Thursday, February 2, 2012

Get to know – ClipTable

ClipTable objective is quite simple – 
revolutionize the way you’re importing data into your SQL Server.

New: ClipTable video is now available - Watch it!

I’ve been serving as a DBA for quite some time, performing production as well as development tasks.
One of the things I always found quite time-consuming was import data, any data, into a SQL table format for additional processing.
While it always works at the end, this type of task never became easier.

Here’s a typical scenario:
  • One of my customers hands me an Excel file containing his user data (let’s say, 50,000 users).
  • I open the Excel, see that it contains multiple sheets; one of them contains the data I need.
  • I choose the direct import option, using SSIS.
  • Trying to use Excel as input, getting an error and after a while, recalling that there’s an issue of reading Excel files when 64-bit office is not installed (hence missing the Jet/ODBC driver)
  • OK, giving up on the direct Excel->SQL path, going for the CSV->SQL
  • <Taking a deep breath, making another cup of coffee>
  • Saving sheet as CSV
  • Trying SSIS again with flat-file input
  • Battle continues with:
    •   Finding the right row/col delimiters
    •    Finding the best data-types (number, dates, text etc…)
    •    Finding the correct length for each column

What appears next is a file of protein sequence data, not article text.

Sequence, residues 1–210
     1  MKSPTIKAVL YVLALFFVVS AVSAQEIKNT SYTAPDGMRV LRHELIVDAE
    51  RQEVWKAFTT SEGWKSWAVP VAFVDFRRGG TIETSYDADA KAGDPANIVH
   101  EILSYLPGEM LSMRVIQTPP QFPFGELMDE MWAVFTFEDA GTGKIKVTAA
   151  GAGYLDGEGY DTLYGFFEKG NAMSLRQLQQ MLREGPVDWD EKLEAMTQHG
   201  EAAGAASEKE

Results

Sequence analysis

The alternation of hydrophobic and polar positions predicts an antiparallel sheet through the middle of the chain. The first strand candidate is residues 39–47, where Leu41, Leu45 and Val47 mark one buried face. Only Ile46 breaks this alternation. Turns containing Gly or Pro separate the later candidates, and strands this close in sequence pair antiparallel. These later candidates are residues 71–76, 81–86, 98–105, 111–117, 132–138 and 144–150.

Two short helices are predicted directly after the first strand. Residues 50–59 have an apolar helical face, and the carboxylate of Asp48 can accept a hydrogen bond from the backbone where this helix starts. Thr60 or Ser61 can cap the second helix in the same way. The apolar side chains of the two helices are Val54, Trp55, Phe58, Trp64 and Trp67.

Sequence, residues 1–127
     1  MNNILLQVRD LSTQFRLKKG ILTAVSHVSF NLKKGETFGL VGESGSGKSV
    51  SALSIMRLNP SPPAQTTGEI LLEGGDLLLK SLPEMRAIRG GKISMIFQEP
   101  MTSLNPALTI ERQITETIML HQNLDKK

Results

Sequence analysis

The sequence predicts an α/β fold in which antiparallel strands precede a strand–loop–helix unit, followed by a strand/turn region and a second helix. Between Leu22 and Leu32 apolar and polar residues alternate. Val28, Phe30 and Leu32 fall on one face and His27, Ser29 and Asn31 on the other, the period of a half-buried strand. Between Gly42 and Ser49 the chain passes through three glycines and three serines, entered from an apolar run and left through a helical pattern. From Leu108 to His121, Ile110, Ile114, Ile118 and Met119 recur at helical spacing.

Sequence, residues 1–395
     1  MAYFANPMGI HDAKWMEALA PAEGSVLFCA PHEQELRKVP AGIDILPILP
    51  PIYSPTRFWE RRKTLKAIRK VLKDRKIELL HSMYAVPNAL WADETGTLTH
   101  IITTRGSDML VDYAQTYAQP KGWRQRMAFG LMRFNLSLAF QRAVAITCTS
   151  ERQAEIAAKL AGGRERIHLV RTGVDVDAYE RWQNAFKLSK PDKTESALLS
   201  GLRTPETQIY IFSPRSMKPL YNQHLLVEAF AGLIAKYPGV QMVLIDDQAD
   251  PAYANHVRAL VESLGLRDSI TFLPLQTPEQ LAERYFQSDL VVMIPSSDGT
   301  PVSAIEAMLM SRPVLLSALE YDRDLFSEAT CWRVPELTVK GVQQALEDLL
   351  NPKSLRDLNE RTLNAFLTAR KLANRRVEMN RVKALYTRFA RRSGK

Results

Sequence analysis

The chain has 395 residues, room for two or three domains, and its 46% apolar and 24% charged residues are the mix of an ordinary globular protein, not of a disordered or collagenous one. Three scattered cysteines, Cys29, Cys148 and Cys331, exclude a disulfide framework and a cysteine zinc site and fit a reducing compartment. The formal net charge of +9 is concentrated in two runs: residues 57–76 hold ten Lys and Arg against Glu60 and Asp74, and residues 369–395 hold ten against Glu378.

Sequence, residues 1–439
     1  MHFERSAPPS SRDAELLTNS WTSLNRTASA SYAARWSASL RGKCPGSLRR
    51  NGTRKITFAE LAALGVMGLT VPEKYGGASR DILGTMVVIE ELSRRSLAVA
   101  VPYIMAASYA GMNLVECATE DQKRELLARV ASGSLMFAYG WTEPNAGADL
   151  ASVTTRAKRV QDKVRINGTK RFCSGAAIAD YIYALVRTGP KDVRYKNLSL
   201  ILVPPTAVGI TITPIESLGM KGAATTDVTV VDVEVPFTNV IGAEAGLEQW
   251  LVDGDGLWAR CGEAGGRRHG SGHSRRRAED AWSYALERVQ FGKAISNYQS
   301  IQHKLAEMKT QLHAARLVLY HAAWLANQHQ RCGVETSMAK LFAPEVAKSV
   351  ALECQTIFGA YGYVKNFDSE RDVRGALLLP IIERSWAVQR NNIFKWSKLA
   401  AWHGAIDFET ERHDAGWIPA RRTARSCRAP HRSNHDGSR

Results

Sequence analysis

•    Hoping there are no “text qualifiers” (because this means further work and rules out working with bcp)
  • Importing… Finger crossed…
  • Worked? Great
  • Didn't work? Got an annoying unreadable SSIS error? Go back and try again…

Pardon for not drawing the above as a flowchart, but I hope you’re getting the point.
This is just one example. I’ve personally had so many of them I could write an entire article on the subject.
I could - but instead, I’ve spent my time simply writing a solution for this annoying problem.

So, the incentive was there, and my objective was to eliminate the frustration on this process.

First, I wanted to eliminate the need of having input drivers for any format (my example above was Excel, but the table may come from PDF, Word, any webpage etc…)
So the natural solution was to use the clipboard. Instead of re-inventing the wheel, we let Windows do the work of translating anything to a readable text format.

Next, we need to “understand” the data;
This is where ClipTable’s smart engine is being used – analyzing the reverse-engineering the live data to understand the correct fields, types, delimiters etc…

And last – I wanted to quickly access any of the SQL Servers within my organizations (i.e. the “Destination”) and for that, I’ve implemented the Shared Repository component (which will be discussed on a different blog post)

The Result:
Taking the same example from the 1st paragraph, this could have taken way over an hour.
By using ClipTable, I simply:
  • Copy the users data from the relevant sheet
  • Letting ClipTable do the field/type analysis and turn it into a SQL formatted table
  • Choose my destination
  • Done!

That’s it – no more than 2 minutes and all done.

If you want to see more, go to our website ( and get it – it’s totally free.
Hope we managed to help you save at least an hour on your next import task.

Let us know J